VOLUME 53 | NUMBER 5 | OCTOBER 2018
Trends in Opioid Use and Prescribing in Medicare, 20062012
Objective: To determine characteristics and trends in opioid use, questionable use, and prescribing in Medicare.
Study Setting: Opioid prescriptions filled through Medicare Part D for beneficiaries with fullyear, feeforservice Medicare coverage during 2006 to 2012.
Study Design: Retrospective analysis of a 20 percent sample of Medicare claims data. Estimates are adjusted using multivariable regression analysis.
Data Collection: Opioid use, opioid abuse, questionable opioid use, and opioid prescribing by specialty.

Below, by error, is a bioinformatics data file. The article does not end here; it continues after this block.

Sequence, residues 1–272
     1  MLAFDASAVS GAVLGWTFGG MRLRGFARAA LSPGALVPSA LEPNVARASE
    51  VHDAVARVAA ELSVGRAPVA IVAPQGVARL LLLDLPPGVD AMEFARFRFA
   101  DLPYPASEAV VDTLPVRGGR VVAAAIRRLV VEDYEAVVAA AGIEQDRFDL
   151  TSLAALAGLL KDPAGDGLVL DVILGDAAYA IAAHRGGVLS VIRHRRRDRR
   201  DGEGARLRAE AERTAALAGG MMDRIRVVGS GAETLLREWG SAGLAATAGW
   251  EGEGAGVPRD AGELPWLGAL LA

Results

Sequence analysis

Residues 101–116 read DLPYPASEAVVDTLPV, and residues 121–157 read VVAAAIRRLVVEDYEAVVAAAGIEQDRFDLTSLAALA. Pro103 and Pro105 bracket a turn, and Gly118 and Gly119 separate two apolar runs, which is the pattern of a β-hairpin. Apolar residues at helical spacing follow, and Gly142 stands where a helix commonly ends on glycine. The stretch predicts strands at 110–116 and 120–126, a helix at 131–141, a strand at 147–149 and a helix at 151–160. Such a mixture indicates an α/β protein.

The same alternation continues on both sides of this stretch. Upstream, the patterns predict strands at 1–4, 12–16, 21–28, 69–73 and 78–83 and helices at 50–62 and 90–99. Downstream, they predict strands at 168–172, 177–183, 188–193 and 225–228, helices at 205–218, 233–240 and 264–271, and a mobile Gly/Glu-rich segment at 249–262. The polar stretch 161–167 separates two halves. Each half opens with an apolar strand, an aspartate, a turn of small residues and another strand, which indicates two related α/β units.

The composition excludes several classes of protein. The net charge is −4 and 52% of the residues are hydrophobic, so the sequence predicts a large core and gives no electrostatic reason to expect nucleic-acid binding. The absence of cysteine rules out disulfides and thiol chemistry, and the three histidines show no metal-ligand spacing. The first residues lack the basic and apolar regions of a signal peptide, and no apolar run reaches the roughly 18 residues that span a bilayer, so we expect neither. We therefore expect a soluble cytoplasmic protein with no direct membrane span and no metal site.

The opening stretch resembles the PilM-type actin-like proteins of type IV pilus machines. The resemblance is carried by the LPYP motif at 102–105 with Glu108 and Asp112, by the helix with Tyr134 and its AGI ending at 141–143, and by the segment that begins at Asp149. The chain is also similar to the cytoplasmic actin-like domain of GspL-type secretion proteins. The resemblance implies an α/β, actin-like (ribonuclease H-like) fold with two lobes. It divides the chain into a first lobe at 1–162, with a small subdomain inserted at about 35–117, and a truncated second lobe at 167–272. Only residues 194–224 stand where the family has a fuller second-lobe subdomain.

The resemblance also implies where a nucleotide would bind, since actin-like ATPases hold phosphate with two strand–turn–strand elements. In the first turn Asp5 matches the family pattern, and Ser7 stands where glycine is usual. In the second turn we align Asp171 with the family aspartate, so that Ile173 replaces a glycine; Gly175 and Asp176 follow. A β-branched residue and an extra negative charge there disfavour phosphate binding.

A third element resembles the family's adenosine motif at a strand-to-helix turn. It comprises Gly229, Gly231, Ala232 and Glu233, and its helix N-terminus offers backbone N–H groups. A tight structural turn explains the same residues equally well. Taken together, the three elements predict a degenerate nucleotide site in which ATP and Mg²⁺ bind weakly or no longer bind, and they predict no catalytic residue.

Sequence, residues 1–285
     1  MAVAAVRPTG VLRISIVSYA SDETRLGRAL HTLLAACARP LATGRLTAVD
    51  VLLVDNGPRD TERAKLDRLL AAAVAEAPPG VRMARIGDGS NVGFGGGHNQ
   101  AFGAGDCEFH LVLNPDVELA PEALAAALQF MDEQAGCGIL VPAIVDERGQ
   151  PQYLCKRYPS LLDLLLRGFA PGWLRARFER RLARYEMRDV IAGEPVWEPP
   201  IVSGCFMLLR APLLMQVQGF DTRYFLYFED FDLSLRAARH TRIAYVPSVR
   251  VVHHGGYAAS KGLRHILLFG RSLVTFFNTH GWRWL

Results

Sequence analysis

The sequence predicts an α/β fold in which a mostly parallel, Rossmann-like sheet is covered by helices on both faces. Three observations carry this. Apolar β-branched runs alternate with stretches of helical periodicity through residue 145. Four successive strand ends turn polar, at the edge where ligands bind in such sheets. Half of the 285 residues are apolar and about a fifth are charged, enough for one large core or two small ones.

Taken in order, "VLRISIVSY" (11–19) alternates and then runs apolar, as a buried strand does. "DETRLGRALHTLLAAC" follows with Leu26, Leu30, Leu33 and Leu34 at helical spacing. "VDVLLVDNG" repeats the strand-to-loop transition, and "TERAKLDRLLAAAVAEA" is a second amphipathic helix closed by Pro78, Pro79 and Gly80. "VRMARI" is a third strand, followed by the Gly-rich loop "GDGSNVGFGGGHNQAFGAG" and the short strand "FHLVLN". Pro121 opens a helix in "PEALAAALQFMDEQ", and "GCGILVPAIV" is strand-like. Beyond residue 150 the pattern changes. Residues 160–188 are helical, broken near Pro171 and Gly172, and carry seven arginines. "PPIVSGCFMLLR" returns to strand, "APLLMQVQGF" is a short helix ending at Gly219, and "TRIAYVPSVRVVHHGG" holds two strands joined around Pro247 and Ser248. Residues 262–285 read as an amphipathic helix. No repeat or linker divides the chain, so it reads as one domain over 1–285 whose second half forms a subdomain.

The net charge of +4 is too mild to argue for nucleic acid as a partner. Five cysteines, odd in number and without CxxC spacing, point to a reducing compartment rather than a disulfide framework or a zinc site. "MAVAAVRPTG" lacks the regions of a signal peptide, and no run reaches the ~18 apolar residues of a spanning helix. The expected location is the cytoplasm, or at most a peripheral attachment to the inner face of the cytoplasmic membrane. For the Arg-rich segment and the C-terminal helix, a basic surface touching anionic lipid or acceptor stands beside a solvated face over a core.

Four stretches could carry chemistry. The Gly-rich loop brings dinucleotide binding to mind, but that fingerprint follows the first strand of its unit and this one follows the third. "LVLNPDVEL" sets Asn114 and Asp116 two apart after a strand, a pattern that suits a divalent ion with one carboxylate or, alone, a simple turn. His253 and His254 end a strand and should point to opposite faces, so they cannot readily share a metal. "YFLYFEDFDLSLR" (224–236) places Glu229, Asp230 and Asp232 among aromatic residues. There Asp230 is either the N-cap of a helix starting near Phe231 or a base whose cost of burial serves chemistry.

Principal Findings: Opioid use in Medicare was stable from 2006 to 2012 on average. More than 1 in 3 beneficiaries filled an opioid prescription annually; about 1 in 10 were chronic opioid users. The distribution of opioid users shifted in favor of diagnoses often associated with chronic pain. Opioid users were increasingly likely to abuse opioids or display patterns of questionable use from 2006 to 2010, with a slowdown in later years. Average outcomes mask significant variation as the distribution of opioid use widened over the analysis period. Prescribing quantity and intensity varied by specialty. The largest quantity increases were among nurse practitioners and physician assistants.
Conclusions: Opioid utilization and prescribing are increasingly heterogeneous from 2006 to 2012. Future research should focus on explaining differential trends in utilization and prescribing.
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